Hypothyroidism Following Hemithyroidectomy: A Retrospective Review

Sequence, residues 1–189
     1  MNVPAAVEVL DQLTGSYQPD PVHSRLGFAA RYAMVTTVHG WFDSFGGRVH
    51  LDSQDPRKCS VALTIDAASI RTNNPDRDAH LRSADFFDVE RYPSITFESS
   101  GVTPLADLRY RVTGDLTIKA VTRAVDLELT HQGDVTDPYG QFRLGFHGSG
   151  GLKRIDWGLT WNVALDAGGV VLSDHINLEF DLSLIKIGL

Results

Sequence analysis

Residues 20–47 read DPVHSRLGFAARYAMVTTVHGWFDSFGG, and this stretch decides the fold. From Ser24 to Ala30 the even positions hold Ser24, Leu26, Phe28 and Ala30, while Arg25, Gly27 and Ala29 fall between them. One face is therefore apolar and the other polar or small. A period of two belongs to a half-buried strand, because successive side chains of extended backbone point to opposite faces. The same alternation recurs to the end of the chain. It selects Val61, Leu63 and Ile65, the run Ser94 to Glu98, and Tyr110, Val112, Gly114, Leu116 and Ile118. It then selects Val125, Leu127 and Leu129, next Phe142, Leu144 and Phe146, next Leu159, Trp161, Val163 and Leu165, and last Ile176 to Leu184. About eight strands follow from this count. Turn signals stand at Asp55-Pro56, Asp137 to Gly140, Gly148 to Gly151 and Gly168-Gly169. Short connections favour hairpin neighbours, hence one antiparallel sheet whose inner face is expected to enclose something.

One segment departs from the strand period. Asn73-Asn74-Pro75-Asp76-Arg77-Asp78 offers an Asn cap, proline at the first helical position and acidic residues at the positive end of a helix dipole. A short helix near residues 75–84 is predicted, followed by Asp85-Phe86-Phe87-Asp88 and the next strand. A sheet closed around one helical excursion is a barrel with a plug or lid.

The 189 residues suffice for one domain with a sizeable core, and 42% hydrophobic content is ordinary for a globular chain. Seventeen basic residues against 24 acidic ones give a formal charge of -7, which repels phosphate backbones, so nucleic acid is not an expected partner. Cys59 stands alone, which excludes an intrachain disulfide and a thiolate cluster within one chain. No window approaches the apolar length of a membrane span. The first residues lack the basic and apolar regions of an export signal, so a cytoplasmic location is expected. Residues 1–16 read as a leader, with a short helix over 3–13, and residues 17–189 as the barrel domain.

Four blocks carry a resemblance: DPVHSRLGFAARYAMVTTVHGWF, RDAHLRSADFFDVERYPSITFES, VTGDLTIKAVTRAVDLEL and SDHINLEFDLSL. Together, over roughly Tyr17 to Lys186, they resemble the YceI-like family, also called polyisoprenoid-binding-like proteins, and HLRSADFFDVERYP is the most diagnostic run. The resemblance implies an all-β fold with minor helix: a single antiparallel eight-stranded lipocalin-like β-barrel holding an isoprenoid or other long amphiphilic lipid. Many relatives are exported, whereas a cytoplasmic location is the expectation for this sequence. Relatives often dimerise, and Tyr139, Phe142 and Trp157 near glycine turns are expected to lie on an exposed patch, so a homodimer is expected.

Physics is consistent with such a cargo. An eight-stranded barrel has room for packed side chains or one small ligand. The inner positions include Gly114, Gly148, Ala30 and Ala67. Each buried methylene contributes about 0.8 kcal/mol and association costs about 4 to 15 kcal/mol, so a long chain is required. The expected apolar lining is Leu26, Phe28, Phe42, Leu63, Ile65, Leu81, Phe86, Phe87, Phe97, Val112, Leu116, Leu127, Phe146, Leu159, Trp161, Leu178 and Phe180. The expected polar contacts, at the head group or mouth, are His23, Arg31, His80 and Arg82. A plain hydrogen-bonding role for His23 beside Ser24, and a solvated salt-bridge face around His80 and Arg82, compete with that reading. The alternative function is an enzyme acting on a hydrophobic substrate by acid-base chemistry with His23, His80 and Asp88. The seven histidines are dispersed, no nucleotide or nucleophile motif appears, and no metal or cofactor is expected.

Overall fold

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Objective:To investigate the incidence, time to onset, and risk factors for the development of hypothyroidism after hemithyroidectomy.Background:The incidence and risk factors for hypothyroidism in patients undergoing partial thyroid surgery remains unclear. Hypothyroidism is an under appreciated sequel of hemithyroidectomy. The early recognition of this postoperative complication may prevent symptoms of hypothyroidism and recurrent thyroid disease.Methods:We conducted a retrospective review of all patients undergoing hemithyroidectomy from August 1992 to June 2006 by a single surgeon. Patients were analyzed for age, sex, family history of thyroid disease, thyroid antibody levels, pre- and postoperative thyroid stimulating hormone (TSH), histologic diagnosis, weight of resected tissue, histologic evidence of thyroiditis, and lag time to diagnosis of hypothyroidism. χ2 or Fisher exact test or Student t test were performed.Results:Hypothyroidism was diagnosed in 10.9% of 294 patients. The mean time to diagnosis was 8.2 ± 10.9 months. The mean thyroxine dose was 69.4 ± 31.6 micrograms. Patients with postoperative hypothyroidism had a higher incidence of a high-normal preoperative TSH level (TSH: 2.5–4.0 mIU/L, 18.8% vs. 3.8%; P < 0.01), thyroiditis on histology (46.8% vs. 11.8%; P < 0.01) and elevated thyroid antibodies levels (47.8% vs. 11.5%; P < 0.01). Age, gender, family history of thyroid disease, thyroid pathology, and weight of resected tissue were not significant risk factors for hypothyroidism.Conclusions:An incidence of 10.9% is higher than anticipated and all patients should have postoperative thyroid function assessment. However, a high-normal preoperative TSH, elevated thyroid antibody levels, and the presence of thyroiditis on histology are indications for close monitoring.

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